Is your child's car seat safe? Experts urge parents to take precaution observing Child Passenger Week

Posted at 8:24 AM, Sep 23, 2021
and last updated 2021-09-23 08:25:34-04

CLEVELAND — In honor of Child Passenger Week, the National Highway Traffic Safety Administration is urging parents to learn how to properly travel with their kids using car seats.

According to ABC, car crashes are a leading cause of death among kids ages 1 to 13.

"Accidents do happen, so being as safe as possible before the accident occurs really makes a difference,” said Dr. Angela Costa, Emergency Department Physician, Children's Healthcare Of Atlanta Strong4Life.

Dr. Coasta told ABC, being safe starts with your child's car seat.

"When you think of things like, 'Wow, if we had just done this, the outcome would be totally different'. It's frustrating. It's sad,” she said.

When it comes to infants and toddlers, car seats should be buckled in a rear-facing car seat with a harness in the back seat until they reach the maximum weight or height limit of their car seat. The straps should be at or below the child's shoulders and the harness should be snug.

As a child grows, a forward facing seat with a harness should be used. The straps should be kept at or above their shoulders and put the seat at the correct angle, which can be found inside the manual.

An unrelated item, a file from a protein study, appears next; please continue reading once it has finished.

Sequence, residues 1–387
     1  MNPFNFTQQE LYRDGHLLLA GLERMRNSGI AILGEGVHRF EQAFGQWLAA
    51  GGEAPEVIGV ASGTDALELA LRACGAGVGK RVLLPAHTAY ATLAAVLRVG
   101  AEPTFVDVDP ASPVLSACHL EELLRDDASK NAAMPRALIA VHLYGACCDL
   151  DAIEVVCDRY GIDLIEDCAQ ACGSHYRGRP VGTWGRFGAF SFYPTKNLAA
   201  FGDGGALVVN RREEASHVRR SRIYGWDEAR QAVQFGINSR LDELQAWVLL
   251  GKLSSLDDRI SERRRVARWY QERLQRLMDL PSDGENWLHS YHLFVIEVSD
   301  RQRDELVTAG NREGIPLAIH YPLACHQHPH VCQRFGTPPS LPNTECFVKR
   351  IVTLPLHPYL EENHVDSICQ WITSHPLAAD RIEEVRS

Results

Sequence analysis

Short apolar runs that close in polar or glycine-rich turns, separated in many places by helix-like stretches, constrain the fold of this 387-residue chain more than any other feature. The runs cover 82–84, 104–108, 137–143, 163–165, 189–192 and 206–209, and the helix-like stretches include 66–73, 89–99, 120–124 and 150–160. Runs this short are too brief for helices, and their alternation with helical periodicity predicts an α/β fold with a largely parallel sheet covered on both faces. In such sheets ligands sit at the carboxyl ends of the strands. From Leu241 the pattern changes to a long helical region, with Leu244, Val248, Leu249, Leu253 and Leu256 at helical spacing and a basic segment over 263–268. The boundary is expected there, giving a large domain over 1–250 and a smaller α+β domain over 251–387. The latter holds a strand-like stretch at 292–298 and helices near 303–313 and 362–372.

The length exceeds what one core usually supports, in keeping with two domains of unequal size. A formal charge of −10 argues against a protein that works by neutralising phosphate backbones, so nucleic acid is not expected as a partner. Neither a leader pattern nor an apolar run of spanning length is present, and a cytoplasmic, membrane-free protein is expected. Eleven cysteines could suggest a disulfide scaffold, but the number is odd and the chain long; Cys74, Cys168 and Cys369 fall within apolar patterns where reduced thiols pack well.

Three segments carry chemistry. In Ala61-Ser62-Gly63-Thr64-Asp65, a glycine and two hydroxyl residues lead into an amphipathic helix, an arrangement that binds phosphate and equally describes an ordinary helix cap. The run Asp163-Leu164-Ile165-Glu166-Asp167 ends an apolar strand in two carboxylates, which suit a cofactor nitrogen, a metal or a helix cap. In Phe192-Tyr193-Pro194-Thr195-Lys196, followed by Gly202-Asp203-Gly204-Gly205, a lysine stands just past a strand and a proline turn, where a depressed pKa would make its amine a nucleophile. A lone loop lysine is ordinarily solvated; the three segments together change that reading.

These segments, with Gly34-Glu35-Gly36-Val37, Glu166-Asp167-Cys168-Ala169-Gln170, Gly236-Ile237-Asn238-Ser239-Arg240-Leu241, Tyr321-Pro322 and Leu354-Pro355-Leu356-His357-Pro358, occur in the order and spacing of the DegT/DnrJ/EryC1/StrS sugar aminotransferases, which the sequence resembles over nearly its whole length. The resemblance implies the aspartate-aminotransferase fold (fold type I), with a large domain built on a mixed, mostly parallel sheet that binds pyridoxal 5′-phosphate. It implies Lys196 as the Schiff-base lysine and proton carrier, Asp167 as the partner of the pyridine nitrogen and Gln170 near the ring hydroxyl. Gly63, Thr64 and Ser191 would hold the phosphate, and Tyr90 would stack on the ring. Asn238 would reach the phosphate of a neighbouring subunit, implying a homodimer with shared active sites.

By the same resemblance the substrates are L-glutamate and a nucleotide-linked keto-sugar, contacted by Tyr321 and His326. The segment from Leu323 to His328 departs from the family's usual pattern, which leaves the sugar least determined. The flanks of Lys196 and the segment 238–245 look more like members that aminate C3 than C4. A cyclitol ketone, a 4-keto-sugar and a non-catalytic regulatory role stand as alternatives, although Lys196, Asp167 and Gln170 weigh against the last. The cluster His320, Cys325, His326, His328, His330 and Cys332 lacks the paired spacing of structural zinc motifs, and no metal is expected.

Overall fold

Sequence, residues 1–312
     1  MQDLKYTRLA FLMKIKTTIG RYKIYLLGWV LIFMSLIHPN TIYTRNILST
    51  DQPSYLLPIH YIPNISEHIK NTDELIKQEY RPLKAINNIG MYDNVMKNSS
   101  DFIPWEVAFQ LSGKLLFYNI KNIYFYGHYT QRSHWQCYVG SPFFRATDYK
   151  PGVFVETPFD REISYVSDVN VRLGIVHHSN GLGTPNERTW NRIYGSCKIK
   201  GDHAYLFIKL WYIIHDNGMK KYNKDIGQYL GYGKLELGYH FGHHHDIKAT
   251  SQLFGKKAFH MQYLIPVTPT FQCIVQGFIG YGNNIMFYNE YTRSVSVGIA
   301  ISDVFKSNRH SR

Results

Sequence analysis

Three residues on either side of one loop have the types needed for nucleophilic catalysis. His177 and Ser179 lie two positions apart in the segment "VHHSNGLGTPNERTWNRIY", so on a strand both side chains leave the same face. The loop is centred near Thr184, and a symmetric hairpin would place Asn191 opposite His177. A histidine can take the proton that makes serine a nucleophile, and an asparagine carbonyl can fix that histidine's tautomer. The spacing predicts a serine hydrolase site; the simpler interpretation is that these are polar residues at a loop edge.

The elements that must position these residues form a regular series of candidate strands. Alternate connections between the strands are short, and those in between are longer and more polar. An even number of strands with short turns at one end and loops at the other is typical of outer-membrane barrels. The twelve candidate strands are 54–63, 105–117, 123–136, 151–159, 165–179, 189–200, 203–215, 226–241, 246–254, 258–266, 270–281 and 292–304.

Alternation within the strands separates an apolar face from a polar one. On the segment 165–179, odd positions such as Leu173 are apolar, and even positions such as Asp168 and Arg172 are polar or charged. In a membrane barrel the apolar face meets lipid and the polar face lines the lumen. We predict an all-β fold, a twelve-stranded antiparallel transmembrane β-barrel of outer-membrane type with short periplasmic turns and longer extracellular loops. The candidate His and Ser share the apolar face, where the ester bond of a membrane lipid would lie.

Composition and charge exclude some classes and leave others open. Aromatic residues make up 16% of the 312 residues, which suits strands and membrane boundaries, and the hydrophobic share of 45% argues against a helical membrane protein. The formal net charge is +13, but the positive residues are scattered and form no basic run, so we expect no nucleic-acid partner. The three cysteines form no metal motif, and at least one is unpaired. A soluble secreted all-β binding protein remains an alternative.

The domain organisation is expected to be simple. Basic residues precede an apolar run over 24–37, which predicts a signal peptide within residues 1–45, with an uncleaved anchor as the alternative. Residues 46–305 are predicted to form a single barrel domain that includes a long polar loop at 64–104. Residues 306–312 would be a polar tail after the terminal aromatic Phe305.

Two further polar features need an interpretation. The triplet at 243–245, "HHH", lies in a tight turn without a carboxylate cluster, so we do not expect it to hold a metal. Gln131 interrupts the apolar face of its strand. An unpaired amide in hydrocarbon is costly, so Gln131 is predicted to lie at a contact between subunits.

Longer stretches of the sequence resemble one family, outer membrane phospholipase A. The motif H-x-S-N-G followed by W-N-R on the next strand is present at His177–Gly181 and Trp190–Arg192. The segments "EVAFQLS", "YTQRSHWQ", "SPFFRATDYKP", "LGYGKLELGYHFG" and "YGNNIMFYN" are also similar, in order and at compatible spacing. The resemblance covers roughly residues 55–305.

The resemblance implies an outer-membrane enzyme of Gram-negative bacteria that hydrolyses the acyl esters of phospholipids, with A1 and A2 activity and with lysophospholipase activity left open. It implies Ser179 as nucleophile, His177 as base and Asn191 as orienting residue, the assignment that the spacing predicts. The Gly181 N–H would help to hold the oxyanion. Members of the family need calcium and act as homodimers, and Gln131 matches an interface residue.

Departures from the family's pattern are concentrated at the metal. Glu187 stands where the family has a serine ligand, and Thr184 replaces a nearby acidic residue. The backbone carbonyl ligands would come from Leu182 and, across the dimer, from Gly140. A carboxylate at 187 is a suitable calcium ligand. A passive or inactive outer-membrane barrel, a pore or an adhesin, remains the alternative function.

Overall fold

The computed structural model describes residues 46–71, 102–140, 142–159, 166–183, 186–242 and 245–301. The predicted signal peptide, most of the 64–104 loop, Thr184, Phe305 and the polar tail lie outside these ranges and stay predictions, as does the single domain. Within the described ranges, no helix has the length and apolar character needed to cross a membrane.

For booster seats, always use a lap and shoulder belt to properly secure it. The belt should go across the center of their chest and shoulders and then across the hip bones. You can ditch the booster seat when they're at least 57 inches tall and they can sit with their back against the seat with their knees bent over the edge of the seat.

If you need help with a car seat install, you can check out your local police and fire station.

You can also visit Rainbow Babies and Children's hospital for install help and car seat fittings. The hospital is hosting its “Seat Check Saturday” on Sept. 25 at Warrensville Heights’ Buy Buy Baby from 10 a.m. to 1 p.m. Injury prevention staff will perform free checks.

For more information and help, click here.

ABC News contributed to this story.